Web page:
In a previous post on July 22, 2020, we reported on the Equal Employment Opportunity Commission’s (“EEOC”) Pilot Program which modified certain aspects of the EEOC’s mediation program. In October, 2020, the EEOC announced proposed changes to its conciliation process.  Conciliation differs from mediation in that mediation provides both parties an opportunity to mediate and potentially resolve a charge of discrimination shortly after it is filed and before the EEOC begins its investigation. Conciliation is a voluntary alternative to litigation which arises after the EEOC has investigated a charge and determined reasonable cause exists that an employer has discriminated against an employee.

Between 2016 and 2019, the EEOC conciliation process effectively resolved only 41.23% of discrimination charges where a reasonable cause finding was made against an employer. In an effort to improve the conciliation process, the EEOC is proposing amendments that will increase the amount of information available to an employer to make settlement of charges more likely.  In particular, a brief summary of the EEOC’s proposed amendments are as follows:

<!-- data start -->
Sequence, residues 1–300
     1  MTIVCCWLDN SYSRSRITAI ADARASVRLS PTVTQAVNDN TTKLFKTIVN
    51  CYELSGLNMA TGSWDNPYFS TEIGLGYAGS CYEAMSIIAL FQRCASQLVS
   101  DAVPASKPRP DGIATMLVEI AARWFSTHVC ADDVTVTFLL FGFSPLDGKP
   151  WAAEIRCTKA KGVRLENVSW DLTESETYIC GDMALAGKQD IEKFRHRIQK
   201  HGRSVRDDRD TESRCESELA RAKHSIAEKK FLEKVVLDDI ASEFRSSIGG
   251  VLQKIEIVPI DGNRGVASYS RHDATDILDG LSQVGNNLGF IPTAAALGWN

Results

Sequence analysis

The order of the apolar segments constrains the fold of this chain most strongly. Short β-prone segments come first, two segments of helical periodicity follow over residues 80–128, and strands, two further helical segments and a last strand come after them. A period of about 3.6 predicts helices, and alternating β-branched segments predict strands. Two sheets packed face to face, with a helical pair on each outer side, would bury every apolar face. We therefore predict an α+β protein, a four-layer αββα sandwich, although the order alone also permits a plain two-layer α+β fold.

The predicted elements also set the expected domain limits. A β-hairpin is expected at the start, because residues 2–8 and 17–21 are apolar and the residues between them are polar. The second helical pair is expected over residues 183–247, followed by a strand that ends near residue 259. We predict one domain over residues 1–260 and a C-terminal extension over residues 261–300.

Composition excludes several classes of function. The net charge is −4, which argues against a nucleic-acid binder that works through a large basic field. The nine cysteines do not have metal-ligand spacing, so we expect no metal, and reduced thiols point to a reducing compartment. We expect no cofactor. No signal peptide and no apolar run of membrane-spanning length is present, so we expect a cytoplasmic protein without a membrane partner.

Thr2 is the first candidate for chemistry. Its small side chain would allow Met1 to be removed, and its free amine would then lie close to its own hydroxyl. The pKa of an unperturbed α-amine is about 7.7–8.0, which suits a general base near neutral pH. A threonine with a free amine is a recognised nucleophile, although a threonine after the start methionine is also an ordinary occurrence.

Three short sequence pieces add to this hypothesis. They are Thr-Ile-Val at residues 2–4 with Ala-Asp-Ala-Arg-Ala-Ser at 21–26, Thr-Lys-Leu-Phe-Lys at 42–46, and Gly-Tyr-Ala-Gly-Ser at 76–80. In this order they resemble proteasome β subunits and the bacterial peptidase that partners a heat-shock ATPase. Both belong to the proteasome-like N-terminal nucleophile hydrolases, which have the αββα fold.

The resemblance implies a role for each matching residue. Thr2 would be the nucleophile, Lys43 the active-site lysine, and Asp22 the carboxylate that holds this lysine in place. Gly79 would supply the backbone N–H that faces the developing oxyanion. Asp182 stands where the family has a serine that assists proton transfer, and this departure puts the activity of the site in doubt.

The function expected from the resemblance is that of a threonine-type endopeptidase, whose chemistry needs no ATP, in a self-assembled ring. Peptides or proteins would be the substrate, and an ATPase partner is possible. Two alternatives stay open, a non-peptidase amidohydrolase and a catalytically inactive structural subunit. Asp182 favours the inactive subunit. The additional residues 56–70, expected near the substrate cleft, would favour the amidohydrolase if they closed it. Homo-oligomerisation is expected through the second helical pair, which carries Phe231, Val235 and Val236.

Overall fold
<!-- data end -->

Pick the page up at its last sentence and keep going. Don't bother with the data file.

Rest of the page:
• The EEOC will provide employers with a written summary of known facts and non-privileged information the EEOC relied on in making its findings. This includes identifying aggrieved employees for whom the EEOC is seeking relief.  Additionally, the EEOC will have discretion to provide detailed information to an employer such as identities of alleged harassers or supervisors and if a class action is being pursued, the estimated size of the proposed class.
  • The EEOC will provide a summary to the employer of the legal basis for a finding of reasonable cause. If there was any doubt that reasonable cause existed to believe discrimination occurred, the EEOC will explain how reasonable cause existed despite this information. The EEOC may also provide a response to any defenses raised by an employer.
  • The EEOC will provide employers with a basis for a request for monetary relief including any calculations underlying the proposal and will provide the employer at least 14 calendar days to respond to the initial settlement proposal.

The EEOC’s proposed rules are subject to comment from interested parties and have not yet been adopted.  If the EEOC implements these new amendments, employers are likely to have a better understanding as to how the EEOC reached its determination, as well as its rationale for any relief it is seeking on behalf of an aggrieved employee. Previously, the EEOC was under no obligation to provide this information, which often left employers with insufficient information to determine if a settlement should be considered prior to the EEOC filing litigation against the employer.